• Revenue Cycle Management
  • COVID-19
  • Reimbursement
  • Diabetes Awareness Month
  • Risk Management
  • Patient Retention
  • Staffing
  • Medical Economics® 100th Anniversary
  • Coding and documentation
  • Business of Endocrinology
  • Telehealth
  • Physicians Financial News
  • Cybersecurity
  • Cardiovascular Clinical Consult
  • Locum Tenens, brought to you by LocumLife®
  • Weight Management
  • Business of Women's Health
  • Practice Efficiency
  • Finance and Wealth
  • EHRs
  • Remote Patient Monitoring
  • Sponsored Webinars
  • Medical Technology
  • Billing and collections
  • Acute Pain Management
  • Exclusive Content
  • Value-based Care
  • Business of Pediatrics
  • Concierge Medicine 2.0 by Castle Connolly Private Health Partners
  • Practice Growth
  • Concierge Medicine
  • Business of Cardiology
  • Implementing the Topcon Ocular Telehealth Platform
  • Malpractice
  • Influenza
  • Sexual Health
  • Chronic Conditions
  • Technology
  • Legal and Policy
  • Money
  • Opinion
  • Vaccines
  • Practice Management
  • Patient Relations
  • Careers

Simplifying value-based care is paramount to a successful transition


While there are general steps that health care providers can take to ease the transition to value-based care and be prepared for the future, leadership and standards are imperative to making a full transition to value-based care work.

Meade Monger: ©CenturyGoal

Meade Monger: ©CenturyGoal

The US health care industry continues a predominant fee-for-service provider reimbursement model, despite trying to shift to a value-based care model for now approaching two decades. Moreover, providers continue to be consumed in a figurative avalanche of paperwork. It is a challenging system for both practitioners and patients, often delivering unpleasant experiences for both.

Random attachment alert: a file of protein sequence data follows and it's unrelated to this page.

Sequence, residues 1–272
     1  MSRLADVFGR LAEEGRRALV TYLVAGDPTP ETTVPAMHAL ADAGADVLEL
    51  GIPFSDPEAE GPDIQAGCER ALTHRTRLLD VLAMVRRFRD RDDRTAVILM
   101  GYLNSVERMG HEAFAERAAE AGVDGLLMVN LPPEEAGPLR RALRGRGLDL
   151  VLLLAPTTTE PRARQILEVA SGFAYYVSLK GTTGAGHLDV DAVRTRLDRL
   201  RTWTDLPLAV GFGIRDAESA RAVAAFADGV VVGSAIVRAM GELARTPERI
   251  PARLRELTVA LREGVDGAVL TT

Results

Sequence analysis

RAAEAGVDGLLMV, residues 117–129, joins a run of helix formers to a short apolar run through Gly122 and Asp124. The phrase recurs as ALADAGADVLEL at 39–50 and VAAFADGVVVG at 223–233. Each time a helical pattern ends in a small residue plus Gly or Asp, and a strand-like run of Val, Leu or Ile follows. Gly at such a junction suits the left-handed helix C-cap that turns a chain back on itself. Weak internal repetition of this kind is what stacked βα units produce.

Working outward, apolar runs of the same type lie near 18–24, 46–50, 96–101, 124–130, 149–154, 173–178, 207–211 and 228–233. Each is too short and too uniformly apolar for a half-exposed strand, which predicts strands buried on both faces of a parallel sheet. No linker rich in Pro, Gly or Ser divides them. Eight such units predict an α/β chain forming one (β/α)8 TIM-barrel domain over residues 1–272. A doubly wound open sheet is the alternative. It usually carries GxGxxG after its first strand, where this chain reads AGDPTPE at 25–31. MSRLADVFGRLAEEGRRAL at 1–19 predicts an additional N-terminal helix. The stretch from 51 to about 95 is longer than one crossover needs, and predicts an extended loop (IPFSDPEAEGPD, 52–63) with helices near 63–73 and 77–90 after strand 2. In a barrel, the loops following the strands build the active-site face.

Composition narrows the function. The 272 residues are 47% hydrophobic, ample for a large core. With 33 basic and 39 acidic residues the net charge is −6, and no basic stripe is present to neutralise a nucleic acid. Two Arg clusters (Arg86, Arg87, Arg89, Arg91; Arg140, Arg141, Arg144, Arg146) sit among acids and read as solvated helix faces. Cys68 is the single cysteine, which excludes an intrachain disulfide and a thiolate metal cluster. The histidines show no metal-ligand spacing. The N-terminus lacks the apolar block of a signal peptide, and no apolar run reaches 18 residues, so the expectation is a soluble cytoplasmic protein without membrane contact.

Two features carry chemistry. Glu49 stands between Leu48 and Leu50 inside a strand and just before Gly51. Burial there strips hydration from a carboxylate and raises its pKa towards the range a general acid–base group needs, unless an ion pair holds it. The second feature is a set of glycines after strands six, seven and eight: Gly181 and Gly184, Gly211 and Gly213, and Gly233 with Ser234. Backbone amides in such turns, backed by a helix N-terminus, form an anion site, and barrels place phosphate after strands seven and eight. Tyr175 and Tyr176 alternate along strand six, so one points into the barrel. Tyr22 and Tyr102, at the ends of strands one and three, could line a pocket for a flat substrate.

Ultimately, the goal is to provide value-based care as we continue a tortured transition from the traditional fee-for-service model to a comprehensive method of holistic treatment that has the potential of achieving the admirable goal of improving outcomes, enhancing life expectancy, while, at the same time, reducing costs.

Achieving this health care “Holy Grail” could be as simple as establishing a common set of standards that, at present, seems unattainable because of competing interests among the industry’s dominant players. The dynamics of our bifurcated health care system with no clear leadership came about as the industry experienced a piecemeal evolution over the past century to a multi-third-party payment structure that is generally divided into a market justice system and social justice system.

The Centers for Medicare & Medicaid Services (CMS) has stepped up in a leadership role to some extent, attempting to bring some organization to the chaos with a set of standards. Even its efforts fall well short of what is necessary to cure the nation’s wild west-like revenue cycle processes in the health care industry that comes with many different and constantly changing rules set by many different players. Moreover, transitioning to value-based care presents even more administrative work and reporting requirements for health care providers. The environment is in big need of agreed-upon standards that are followed as existing and new technology evolves, with a tightly controlled Artificial Intelligence (AI) system playing a larger role.

To meet the goals of value-based care and better-quality care at lower costs, health care providers must report on quality results of their patients along with the costs of treatment. This adds a whole new layer of requirements. However, it can result in eliminating a substantial portion of what is required under the fee-for-service models. The rub is making the transition and requiring health care providers to now double up their administrative efforts while accommodating both fee-for-service and value-based care models during the transition.